Funny Ha Ha (2002, Director: Andrew Bujalski): Perhaps the first of the films later lumped together as “mumblecore,” Funny Ha Ha was written and directed by 27-year-old Harvard film graduate Andrew Bujalski. Made on a shoestring budget with non-professional actors, it toured film festivals for almost three years before getting a limited theatrical release in 2005. I believe this is the first time the film has screened theatrically in Toronto.
Marnie (Kate Dollenmayer) is a recent college graduate still living in the student ghetto near her school. Though she’s no longer a student, she seems unable to move on to the next phase of her life. She still hangs around with her college friends, partying and working temp jobs. Her obsession with her friend Alex is obvious to everyone, despite the fact that he’s already in a serious relationship. Nonetheless, when she hears Alex has broken up with his girlfriend, she’s reluctant to make her feelings known, despite the urgings of all her friends, including Alex’s sister. She meets another guy, Mitchell (Bujalski), at her temping job and he awkwardly asks her out. Then her friend Rachel’s boyfriend Dave kisses her drunkenly after a party. None of these relationships are going the way she wants. She quits the temping job and finds a better one as a research assistant. Alex begins hanging out with her and flirting ambiguously. Then suddenly she finds out he and his girlfriend have not only reunited, but eloped and gotten married. But he still shows up drunk late on the night of her birthday. “Marriage is complicated,” he says.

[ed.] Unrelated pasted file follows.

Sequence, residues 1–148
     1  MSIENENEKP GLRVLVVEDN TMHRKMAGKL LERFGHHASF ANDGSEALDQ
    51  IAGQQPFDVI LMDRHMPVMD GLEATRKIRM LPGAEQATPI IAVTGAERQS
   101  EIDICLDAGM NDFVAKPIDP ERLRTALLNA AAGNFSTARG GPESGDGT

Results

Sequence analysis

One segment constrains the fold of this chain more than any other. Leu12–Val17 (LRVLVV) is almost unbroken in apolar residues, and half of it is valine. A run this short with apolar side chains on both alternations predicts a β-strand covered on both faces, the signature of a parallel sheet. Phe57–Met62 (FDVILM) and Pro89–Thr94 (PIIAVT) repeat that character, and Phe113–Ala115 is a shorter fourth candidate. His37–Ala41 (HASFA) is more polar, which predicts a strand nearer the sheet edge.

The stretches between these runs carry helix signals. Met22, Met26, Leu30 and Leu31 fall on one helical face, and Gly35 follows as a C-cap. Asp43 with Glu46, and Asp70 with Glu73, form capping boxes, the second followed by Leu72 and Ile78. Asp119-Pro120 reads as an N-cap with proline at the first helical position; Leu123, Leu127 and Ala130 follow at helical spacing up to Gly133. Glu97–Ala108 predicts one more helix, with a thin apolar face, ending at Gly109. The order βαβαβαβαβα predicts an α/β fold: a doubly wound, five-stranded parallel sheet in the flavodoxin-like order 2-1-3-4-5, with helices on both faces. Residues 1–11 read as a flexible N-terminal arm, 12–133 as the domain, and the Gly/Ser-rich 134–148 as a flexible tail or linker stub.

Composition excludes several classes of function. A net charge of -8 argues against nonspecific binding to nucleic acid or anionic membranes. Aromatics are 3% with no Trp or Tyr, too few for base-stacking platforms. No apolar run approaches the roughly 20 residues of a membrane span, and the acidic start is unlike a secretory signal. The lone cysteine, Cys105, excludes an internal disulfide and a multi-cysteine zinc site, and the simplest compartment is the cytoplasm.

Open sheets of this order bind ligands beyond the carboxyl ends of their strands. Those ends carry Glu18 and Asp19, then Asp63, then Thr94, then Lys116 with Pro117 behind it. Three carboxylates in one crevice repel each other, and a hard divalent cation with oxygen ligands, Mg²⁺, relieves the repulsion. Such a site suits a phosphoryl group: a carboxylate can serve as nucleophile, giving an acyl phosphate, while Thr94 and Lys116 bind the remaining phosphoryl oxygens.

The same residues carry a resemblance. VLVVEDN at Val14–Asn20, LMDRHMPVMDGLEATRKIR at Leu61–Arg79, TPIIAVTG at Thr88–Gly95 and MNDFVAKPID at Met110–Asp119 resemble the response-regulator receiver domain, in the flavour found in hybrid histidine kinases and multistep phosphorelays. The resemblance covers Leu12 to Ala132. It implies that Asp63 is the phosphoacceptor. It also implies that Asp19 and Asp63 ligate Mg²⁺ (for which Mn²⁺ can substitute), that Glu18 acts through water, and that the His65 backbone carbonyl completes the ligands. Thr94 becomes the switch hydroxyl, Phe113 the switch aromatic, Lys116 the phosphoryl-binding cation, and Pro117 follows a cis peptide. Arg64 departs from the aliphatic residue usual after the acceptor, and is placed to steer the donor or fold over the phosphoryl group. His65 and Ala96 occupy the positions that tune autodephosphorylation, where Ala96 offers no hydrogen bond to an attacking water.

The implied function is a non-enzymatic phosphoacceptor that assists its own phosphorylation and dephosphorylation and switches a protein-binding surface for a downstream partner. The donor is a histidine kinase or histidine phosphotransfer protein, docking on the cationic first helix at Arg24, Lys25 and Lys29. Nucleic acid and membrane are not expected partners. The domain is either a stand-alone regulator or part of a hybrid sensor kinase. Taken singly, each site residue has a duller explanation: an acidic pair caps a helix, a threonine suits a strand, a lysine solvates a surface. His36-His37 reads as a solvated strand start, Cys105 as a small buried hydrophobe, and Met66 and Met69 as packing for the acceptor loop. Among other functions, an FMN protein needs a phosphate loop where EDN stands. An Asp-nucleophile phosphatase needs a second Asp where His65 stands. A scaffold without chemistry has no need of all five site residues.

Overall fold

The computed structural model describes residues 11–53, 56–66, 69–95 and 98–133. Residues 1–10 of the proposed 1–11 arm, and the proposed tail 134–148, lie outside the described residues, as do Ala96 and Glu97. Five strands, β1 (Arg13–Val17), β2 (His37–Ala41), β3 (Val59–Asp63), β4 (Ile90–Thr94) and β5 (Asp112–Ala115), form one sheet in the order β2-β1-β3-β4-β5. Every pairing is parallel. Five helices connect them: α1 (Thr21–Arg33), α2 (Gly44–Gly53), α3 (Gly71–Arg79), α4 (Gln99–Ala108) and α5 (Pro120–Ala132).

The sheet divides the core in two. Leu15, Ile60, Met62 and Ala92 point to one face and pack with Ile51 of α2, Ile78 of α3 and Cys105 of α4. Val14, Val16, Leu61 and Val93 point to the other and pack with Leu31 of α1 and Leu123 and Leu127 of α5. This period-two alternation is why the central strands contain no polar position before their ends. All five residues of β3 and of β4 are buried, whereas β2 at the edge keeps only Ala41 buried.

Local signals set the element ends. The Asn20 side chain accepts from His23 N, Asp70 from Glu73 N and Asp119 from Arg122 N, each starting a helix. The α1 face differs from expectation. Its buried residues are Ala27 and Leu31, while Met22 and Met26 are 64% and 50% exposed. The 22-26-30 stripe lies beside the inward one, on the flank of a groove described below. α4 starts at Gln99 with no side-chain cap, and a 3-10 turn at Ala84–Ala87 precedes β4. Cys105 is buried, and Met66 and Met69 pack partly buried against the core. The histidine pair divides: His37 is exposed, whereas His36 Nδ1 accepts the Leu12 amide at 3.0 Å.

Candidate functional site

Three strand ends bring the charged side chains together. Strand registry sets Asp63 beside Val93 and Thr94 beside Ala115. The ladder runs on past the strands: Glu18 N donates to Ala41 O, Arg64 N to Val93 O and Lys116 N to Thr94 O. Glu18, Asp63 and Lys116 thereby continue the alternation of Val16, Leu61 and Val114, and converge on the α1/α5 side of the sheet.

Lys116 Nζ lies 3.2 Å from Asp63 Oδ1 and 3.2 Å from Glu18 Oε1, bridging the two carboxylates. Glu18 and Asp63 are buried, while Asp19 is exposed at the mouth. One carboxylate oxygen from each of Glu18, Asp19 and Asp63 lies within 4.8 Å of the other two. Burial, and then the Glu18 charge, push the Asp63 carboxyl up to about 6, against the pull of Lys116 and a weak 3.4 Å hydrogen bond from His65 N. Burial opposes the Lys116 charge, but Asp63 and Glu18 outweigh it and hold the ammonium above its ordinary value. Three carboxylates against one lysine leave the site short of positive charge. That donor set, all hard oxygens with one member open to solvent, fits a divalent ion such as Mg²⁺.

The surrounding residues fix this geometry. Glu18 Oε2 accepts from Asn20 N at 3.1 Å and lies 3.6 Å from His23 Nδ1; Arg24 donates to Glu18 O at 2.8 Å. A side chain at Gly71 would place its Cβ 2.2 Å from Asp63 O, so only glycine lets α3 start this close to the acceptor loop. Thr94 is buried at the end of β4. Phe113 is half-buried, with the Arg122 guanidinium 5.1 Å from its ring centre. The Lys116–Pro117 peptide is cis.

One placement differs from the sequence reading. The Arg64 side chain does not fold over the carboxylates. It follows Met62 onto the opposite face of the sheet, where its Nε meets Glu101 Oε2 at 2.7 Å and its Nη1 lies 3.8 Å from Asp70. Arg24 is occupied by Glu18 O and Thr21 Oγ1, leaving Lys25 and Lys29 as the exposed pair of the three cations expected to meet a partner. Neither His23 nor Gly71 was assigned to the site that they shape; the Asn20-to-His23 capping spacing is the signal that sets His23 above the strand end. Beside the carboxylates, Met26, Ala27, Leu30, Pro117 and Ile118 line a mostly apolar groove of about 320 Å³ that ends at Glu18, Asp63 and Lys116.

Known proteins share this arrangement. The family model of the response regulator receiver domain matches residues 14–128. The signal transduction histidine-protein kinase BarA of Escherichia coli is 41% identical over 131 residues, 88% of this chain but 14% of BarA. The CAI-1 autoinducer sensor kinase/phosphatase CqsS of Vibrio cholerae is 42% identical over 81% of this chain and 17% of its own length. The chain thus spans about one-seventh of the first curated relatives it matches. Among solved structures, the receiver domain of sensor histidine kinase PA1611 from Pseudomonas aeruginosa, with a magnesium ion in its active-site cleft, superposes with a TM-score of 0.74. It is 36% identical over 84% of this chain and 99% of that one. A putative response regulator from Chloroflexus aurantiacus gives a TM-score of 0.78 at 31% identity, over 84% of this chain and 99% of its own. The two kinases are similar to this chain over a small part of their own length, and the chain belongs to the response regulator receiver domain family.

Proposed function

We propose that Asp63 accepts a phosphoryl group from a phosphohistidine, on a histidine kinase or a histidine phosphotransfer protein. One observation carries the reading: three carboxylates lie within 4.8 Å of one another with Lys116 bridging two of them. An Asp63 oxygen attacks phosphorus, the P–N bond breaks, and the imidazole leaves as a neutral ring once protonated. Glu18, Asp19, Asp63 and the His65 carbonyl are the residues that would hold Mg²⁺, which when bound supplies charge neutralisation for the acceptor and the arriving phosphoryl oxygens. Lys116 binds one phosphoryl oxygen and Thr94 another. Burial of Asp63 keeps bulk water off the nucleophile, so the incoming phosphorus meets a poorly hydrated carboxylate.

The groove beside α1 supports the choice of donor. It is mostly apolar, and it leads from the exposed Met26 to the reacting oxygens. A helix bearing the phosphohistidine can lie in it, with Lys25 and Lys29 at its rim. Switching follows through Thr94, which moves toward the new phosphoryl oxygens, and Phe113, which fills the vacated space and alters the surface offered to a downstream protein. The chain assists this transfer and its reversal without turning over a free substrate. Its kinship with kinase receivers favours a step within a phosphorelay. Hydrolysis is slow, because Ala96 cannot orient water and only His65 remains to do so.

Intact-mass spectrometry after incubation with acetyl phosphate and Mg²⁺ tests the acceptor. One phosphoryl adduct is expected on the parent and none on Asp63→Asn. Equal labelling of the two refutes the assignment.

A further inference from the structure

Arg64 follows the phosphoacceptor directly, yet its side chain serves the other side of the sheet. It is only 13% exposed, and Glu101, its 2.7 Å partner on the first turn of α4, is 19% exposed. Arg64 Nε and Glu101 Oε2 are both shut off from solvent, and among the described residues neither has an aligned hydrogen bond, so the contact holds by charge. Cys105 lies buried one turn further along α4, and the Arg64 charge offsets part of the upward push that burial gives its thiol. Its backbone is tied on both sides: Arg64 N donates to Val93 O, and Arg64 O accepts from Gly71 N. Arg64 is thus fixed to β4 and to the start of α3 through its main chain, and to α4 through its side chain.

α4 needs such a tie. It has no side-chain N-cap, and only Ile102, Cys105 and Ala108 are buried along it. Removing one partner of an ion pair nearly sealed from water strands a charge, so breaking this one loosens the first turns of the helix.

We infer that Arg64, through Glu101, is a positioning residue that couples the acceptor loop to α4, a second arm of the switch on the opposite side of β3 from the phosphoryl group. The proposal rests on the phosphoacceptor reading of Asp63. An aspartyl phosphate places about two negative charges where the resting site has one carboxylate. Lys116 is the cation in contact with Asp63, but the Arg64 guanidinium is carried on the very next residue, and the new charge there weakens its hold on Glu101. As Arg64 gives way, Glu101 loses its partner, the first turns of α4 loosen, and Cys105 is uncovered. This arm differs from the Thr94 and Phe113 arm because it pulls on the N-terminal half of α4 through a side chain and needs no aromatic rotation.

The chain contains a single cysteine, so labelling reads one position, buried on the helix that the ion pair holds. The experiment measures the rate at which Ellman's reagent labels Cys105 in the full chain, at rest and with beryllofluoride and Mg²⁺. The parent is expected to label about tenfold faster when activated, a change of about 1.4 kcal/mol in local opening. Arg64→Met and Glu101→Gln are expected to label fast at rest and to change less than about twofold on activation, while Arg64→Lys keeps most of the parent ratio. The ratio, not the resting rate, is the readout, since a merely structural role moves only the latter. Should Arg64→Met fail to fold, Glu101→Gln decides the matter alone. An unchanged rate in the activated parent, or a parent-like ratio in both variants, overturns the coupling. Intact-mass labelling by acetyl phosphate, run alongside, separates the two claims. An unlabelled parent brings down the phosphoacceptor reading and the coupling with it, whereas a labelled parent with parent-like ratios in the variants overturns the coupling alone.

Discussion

With prospects like these, Marnie clearly needs to get away from these people and maybe even this town, and by the end, we get an inkling that that’s what is going to happen. But for about 90% of the film’s running time, we float through Marnie’s life just the way she has. What saves it from being completely tedious is Dollenmayer’s open and pretty face, and her gradually increasing determination to move on with her life.
Funny Ha Ha is extremely primitive, with no music and no external lighting. As my colleague Bob Turnbull expressed, it’s almost a Dogme 95 film. But there’s plenty of humour, of both the goofball and the cringeworthy varieties, and a sympathetic protagonist. When the film ends rather abruptly, I wanted to know what was going to happen to Marnie, and that means that Bujalski has hooked me.
NOTE: I was delighted to find out that Kate Dollenmayer is actually an animator whose credits include work on Richard Linklater’s Waking Life (2001).